The technology used to manage the tremendous volume of traffic on World Wide Web sites such as those created for the 1996 Summer Olympics and the U.S. Open, French Open and Wimbledon tennis championships will be available for corporate networks by the end of this month.
IBM tomorrow will announce Network Dispatcher, which enables multiple Web servers to function as a single server to increase a site's reliability and performance. The software balances traffic among several Web servers, using an IBM-patented algorithm that ensures that requests are handled by the most responsive servers in the cluster, according to IBM officials.
The product, which will be demonstrated at Internet World next week, will be released Dec. 27 for IBM's AIX variant of Unix for $1,500 per Web server. A beta version is available now at www.ics.raleigh.ibm.com/ics/issbeta.htm.
Versions of Network Dispatcher for Microsoft Corp.'s Windows NT and Sun Microsystems Inc.'s Solaris operating systems will be available in the first quarter of 1997. Versions for other operating systems (such as Hewlett-Packard Co.'s HP-UX) will ship later in the year, officials said.
"Network Dispatcher is primarily designed for a Web server environment to support a large amount of incoming traffic and to balance it appropriately," said Earl Mathis, a marketing manager in IBM's Internet Division. However, the product also can be used to cluster servers for other TCP/IP-based applications, such as FTP and Telnet, said Mathis.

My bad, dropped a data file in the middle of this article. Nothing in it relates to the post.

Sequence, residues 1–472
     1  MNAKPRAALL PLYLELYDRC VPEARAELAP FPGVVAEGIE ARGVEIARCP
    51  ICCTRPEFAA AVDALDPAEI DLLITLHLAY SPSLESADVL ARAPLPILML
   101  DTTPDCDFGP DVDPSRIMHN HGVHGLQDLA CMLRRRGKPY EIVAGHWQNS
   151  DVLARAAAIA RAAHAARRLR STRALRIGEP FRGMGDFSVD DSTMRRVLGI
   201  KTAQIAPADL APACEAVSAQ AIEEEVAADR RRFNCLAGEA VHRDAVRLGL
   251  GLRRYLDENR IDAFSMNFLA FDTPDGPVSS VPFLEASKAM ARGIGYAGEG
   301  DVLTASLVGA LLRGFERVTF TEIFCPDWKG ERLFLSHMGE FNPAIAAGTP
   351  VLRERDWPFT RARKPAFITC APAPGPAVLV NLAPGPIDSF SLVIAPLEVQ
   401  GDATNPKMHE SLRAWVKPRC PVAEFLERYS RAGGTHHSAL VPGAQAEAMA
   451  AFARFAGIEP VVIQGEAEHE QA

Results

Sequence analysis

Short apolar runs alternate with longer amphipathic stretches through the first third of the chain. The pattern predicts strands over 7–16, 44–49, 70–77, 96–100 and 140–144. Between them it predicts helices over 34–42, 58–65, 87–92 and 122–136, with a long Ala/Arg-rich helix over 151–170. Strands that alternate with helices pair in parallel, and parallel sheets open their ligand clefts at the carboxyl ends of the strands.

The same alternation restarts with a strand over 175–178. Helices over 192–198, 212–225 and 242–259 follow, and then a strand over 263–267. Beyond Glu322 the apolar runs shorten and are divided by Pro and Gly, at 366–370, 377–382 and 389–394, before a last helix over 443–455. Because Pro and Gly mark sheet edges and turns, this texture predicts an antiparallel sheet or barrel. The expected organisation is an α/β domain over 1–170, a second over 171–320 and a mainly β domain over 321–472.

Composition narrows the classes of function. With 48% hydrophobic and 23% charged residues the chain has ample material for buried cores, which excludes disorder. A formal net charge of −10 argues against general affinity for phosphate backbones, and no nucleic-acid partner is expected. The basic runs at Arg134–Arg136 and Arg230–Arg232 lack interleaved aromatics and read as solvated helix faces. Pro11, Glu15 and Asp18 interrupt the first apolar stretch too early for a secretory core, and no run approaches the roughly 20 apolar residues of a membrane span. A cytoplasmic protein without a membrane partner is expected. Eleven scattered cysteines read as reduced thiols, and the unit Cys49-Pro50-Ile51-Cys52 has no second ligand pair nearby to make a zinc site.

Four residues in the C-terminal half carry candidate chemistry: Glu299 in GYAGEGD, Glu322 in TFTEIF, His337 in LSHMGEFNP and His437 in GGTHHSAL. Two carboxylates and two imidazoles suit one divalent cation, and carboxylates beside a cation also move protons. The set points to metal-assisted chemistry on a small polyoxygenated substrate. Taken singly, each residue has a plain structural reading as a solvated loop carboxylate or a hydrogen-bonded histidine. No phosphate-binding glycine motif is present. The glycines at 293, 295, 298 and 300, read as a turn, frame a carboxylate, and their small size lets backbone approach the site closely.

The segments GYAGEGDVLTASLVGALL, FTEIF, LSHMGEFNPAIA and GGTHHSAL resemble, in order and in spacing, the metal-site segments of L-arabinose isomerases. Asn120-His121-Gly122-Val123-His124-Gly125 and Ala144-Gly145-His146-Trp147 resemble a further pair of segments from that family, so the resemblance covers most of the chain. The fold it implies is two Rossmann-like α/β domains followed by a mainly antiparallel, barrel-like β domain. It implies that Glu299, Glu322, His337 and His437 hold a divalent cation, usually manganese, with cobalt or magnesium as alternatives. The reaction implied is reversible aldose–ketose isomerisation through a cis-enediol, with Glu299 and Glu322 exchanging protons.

In addition to the sporting events that IBM hosted, Network Dispatcher has been tested successfully on Netscape Communications Corp.'s Web site, which fields upward of 40 million hits per day, Mathis said.
IBM officials claim the software can handle as many as 4 million connections per hour and data rates well in excess of the capacity of a T-3 line to the Internet.
Network Dispatcher, the first product to be released as part of IBM's Web Object Management initiative, is entering an increasingly crowded market. Cisco Systems Inc. (www.cisco.com) has a hardware-based product called LocalDirector that automatically balances TCP/IP traffic among several servers using a router. Two smaller companies, HydraWEB Technologies Inc. (www.hydraweb.com) and Resonate Inc. (www.ResonateInc.com), offer software solutions for clustering Web servers.
Network Dispatcher holds its own against those products because it is less expensive and easier to use with a heterogeneous network of servers, Mathis said. The Web servers in the cluster served by Network Dispatcher can run any operating system and use any Web server software.